In the council race, Ashmore has said his first term makes him better equipped to navigate the issues of the next four years.
Landrum was unopposed for his seat in 2017 to fill the remaining term vacated by the resignation of Tom Klein. He said he decided to seek office after becoming frustrated with concessions he felt developers were receiving from town officials and that he has since come to appreciate the position’s ability to help neighbors with basic needs.
With the exception of Phillips, who moved to Port Royal in 2018, all of the candidates for mayor and council have lived in Port Royal at least 20 years. Phillips has run an aggressive campaign that has included regular social media posts, print and online advertisements and a recent endorsement from state Sen. Tom Davis.
Phillips has promised to be a voice for the town regionally and says his knowledge of contracts and negotiating will allow him to communicate complex development documents.
For more on the candidates’ positions, the Beaufort Regional Chamber of Commerce has posted questionnaires with each at its election center on www.beaufortchamber.org. And you can also find out where candidates’ stand on key issues in The Beaufort Gazette and The Island Packet’s coverage of a League of Women Voters forum this month.
Voters can read the newspapers’ editorial board endorsements at www.islandpacket.com.
Port Royal candidates
Note: Mayor and two council seats up for election.
Occupation: Software company account executive; retired Beaufort-Jasper Water & Sewer Authority operations director.
Public service experience: Metropolitan Planning Commission, Northern Regional Plan Implementation Committee, Spanish Moss Trail board president, short-term rental task force chairman.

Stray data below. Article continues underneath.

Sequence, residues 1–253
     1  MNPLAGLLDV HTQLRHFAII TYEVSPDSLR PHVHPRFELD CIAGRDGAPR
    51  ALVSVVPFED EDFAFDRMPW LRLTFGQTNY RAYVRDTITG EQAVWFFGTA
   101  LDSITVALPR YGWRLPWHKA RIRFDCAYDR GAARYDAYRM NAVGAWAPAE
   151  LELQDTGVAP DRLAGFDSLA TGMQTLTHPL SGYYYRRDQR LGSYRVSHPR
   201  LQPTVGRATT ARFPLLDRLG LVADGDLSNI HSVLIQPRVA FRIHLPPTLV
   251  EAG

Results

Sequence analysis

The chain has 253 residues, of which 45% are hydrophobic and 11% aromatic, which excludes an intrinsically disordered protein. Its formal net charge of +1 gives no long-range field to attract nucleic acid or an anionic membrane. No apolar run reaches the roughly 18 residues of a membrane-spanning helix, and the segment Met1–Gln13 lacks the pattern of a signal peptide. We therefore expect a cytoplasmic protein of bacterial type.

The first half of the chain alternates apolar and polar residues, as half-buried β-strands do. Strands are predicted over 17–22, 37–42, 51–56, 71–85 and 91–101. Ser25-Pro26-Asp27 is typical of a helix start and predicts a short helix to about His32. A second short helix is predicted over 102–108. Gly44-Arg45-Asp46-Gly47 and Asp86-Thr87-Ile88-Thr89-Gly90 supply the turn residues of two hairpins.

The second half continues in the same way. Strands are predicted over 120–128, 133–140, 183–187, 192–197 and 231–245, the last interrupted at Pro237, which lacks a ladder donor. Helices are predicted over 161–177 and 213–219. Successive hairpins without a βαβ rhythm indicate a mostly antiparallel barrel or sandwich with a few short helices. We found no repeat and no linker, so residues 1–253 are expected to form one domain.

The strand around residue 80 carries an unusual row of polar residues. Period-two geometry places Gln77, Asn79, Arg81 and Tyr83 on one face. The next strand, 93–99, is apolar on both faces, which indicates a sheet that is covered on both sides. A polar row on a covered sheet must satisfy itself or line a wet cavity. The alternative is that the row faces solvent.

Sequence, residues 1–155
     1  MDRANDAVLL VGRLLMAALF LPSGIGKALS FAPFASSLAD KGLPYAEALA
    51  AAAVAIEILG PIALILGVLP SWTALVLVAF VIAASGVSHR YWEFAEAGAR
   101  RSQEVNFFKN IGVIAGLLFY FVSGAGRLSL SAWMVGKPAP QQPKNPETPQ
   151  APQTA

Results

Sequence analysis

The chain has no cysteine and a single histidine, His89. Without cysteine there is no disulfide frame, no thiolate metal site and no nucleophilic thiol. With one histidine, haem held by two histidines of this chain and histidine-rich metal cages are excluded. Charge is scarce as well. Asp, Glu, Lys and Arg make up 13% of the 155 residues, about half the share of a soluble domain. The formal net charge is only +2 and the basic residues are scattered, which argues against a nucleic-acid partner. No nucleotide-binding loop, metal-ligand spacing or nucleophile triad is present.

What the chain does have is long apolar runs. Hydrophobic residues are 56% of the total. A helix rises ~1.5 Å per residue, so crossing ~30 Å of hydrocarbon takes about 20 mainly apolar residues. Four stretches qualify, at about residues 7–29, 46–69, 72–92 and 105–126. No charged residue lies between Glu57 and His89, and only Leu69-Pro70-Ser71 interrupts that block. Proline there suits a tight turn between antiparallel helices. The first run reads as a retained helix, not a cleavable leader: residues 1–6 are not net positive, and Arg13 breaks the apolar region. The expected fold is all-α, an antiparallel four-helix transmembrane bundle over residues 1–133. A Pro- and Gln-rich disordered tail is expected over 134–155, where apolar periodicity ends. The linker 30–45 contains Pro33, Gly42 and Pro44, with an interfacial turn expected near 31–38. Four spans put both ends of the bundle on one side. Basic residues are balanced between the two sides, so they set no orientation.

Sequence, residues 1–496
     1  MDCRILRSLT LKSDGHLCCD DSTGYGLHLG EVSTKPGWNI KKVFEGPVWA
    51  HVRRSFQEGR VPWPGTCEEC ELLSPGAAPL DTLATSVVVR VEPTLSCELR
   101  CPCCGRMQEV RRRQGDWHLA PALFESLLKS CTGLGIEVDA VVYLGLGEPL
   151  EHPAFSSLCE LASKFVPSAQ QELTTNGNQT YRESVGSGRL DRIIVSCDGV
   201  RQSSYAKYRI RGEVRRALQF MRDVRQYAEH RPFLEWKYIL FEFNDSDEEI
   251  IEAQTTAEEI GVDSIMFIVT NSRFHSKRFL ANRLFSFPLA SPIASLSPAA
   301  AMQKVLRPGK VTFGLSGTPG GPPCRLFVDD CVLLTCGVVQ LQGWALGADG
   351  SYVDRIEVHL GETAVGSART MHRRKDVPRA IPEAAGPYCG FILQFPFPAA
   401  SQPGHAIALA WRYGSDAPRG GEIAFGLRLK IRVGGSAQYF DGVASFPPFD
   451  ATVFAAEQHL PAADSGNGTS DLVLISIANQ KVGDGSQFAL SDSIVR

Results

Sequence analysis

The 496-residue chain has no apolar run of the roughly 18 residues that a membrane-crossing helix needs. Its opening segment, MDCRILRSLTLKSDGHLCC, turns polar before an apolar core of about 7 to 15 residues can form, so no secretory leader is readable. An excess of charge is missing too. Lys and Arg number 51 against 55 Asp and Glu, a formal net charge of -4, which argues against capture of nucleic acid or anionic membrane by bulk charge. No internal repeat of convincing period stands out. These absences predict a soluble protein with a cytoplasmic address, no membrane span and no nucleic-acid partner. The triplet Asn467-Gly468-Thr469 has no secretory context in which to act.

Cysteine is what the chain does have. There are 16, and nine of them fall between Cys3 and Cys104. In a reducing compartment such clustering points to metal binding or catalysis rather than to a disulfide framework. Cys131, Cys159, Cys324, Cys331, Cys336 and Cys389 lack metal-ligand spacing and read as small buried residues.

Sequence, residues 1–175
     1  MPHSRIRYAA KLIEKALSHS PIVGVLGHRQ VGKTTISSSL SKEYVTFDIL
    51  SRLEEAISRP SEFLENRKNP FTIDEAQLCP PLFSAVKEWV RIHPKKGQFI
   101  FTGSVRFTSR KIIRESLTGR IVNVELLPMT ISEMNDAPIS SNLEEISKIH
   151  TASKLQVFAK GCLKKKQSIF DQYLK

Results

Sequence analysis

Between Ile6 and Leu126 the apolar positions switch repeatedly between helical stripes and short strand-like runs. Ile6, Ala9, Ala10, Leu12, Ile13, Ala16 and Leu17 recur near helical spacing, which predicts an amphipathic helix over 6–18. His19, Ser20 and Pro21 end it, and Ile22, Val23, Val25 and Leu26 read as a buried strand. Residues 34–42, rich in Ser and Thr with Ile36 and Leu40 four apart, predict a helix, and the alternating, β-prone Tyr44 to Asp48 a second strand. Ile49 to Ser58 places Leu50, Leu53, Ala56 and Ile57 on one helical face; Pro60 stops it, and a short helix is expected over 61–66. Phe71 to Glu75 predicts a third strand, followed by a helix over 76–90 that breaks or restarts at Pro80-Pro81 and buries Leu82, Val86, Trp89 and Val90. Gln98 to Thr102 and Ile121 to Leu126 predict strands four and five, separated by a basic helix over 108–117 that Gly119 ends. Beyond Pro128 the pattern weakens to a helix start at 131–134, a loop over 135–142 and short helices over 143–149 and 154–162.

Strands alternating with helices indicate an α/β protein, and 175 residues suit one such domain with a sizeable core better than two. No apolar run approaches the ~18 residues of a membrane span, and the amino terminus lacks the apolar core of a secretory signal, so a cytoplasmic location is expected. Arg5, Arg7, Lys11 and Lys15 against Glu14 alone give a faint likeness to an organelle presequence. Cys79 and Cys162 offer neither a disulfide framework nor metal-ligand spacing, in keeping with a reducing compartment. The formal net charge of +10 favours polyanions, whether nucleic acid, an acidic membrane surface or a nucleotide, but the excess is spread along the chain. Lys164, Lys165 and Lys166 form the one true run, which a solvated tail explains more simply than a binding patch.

Achievable goals within two years: Bring Spanish Moss Trail into Old Village, downtown Port Royal. Build new road along port property or have funding in place. Long-range planning for town assets — roads, sidewalks, Cypress Wetlands, dock.
Mary Beth Gray Heyward
Occupation: Pre-arrival customer service manager, Beaufort Memorial Hospital.
Public service experience: 27 years on Town Council, 26 years Lowcountry Council of Governments, council representative on numerous town boards.
Achievable goals within two years: Complete the Spanish Moss Trail in Port Royal. Implement long-term plan for town park improvements. Fund and repair town-owned roads.
Jerry Ashmore (Incumbent)
Occupation: Director of safety and workforce development, The Greenery.
Public service experience: Town Council since 2015, Northern Regional Plan Implementation Committee, Local Emergency Planning Committee vice chairman, former Port Royal Redevelopment Commission, Beaufort Regional Chamber board.
Key platform issues: Growing the town budget; smart, slow development; knowledge of and involvement at shrimp docks.
Occupation: History professor, University of South Carolina Beaufort; Owner of Lowcountry Gold beekeeping and related products.
Public service experience: Town Council since 2017.
Key platform issues: Environmental sensibility, careful stewardship of tax dollars, responsiveness to citizens.
Occupation: Staff attorney, S.C. Victim Assistance Network.
Public service experience: Beaufort-Jasper YMCA board member, Lowcountry Jaycees, Leadership Beaufort.
Key platform issues: Responsible growth, quality of life, advocate for Port Royal at local and regional level.